Charlie Dunaway

First post: Dec 19, 2017 Latest post: Jun 7, 2021
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PALO ALTO, Calif. - March-April, 2021
Three years ago, many of you followed and supported our journey with Charlie as we worked to give him a second chance in life during our six-month stay at the Texas Children’s Hospital in Houston, Texas. 
On March 22, we embarked on another crusade to provide Charlie with the best possibility of having a “normal” heart and giving him an even better quality of life down the road. We were presented with a tremendous, life-changing opportunity by one of the world’s best children’s hospitals. We gladly accepted. 

On April 6, Charlie had pulmonary artery reconstruction surgery and conduit replacement at the Lucile Packard Children's Hospital Stanford on the Stanford University campus in Palo Alto, California.

Charlie was discharged on April 18, less than two weeks after major surgery.  We returned home on April 24 after a total of 32 days. 

NEW ORLEANS/HOUSTON: Dec. 2017 - June 2018
Charles “Charlie” Christopher Dunaway was born on Dec. 6, 2017, at 3:43 a.m. at Ochsner Baptist Medical Center in New Orleans. Charlie weighed in at 5-pounds and 3-ounces and was 18.3 inches long. He is named in honor of his late grandfather, Charles “Chiggy” Rhodes, who passed away prior to Aimee’s birth in 1976. 

Charlie was diagnosed with a pair of congenital heart defects in-utero, including a rare defect called truncus arteriosus and a ventricular septal defect. The first occurs when the two large arteries leaving the heart (the aorta and pulmonary arteries) are combined into one large vessel. The latter is simply a hole in the ventricular septum, or the muscle wall separating the heart’s pumping chambers.

The good news is both of these defects are correctable, but open-heart surgery was necessary. Both issues were addressed in the same operation.

Charlie began his journey in the Neonatal Intensive Care Unit at Ochsner Baptist Hospital before transferring to the Pediatric Intensive Care Unit at Ochsner Medical Center’s main campus. Charlie stayed there for two days before he was transported back to Ochsner Baptist, where he remained until he gained exactly 1 pound.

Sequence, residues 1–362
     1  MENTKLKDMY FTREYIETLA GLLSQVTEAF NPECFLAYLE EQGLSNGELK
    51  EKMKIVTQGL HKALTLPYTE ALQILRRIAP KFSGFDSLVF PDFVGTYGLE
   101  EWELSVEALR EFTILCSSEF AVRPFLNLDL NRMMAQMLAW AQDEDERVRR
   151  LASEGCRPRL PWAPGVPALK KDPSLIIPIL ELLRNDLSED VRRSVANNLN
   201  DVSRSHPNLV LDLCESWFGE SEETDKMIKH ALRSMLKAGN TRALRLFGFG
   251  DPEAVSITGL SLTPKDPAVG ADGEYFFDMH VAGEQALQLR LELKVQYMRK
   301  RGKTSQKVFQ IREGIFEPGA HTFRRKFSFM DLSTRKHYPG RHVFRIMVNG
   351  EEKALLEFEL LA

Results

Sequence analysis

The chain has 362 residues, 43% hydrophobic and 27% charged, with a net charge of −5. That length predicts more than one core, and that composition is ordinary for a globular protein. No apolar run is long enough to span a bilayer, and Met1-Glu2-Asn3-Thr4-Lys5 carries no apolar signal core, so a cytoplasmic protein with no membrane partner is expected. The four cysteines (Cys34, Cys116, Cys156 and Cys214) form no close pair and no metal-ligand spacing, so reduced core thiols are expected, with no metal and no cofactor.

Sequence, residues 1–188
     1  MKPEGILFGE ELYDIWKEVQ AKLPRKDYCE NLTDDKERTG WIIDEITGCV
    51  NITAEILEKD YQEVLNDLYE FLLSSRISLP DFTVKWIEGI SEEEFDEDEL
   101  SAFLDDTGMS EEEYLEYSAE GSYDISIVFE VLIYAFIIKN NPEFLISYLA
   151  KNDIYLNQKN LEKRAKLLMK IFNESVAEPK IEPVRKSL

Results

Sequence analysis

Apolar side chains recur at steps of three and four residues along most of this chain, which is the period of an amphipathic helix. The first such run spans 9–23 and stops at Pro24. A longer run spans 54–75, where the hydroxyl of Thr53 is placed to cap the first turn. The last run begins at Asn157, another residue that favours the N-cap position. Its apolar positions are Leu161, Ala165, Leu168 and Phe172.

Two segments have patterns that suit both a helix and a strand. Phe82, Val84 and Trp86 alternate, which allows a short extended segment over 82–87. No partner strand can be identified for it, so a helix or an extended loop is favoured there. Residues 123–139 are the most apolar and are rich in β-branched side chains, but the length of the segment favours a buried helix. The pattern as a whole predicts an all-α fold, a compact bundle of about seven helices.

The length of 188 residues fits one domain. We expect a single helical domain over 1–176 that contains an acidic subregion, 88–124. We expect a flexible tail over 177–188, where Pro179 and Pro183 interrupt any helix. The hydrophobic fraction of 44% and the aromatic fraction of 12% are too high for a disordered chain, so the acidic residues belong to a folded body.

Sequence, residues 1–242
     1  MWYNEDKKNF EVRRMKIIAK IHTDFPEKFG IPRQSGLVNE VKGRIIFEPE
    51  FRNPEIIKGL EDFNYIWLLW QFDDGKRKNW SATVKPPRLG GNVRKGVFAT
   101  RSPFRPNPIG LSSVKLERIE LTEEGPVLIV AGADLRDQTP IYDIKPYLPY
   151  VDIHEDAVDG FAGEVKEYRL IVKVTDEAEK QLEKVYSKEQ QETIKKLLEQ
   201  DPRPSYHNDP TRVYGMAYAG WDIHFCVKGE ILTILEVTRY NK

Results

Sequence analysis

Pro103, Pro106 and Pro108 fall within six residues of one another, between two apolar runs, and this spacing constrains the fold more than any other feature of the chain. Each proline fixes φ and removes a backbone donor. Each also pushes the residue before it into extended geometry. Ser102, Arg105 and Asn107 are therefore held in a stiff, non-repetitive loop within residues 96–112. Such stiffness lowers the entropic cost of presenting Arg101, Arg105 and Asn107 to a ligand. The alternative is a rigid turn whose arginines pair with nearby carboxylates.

However, two days later, Charlie faced a minor setback with his heart function and was immediately transported to the Ochsner Medical Center Cardiovascular Intensive Care Unit.

On Dec. 21, our doctor advised us to transfer to a different facility for treatment, as Ochsner wasn’t equipped with the necessary expertise at the time. We selected Texas Children’s Hospital in Houston because of their top-ranked congenital heart surgery program and expertise in treating Charlie’s conditions. We also had a good support system with several friends and family members in the area. Our lives were effectively turned upside down, but this was a road we had to travel. There were no alternatives.

Later that same day, the Kangaroo Care Team from Texas Children’s flew from Houston to New Orleans to collect Charlie. Let me say, it was very emotional for us to watch the son we had barely come to know wheeled out of our hospital room. Charlie and the team landed in Houston a few hours later. The next 24 hours were a whirlwind. We put our lives on hold and drove to Houston.

We chronicled our entire 180-day odyssey with Charlie in Houston on CaringBridge. We invite you to read Charlie's amazing story and journey for a second chance in life.

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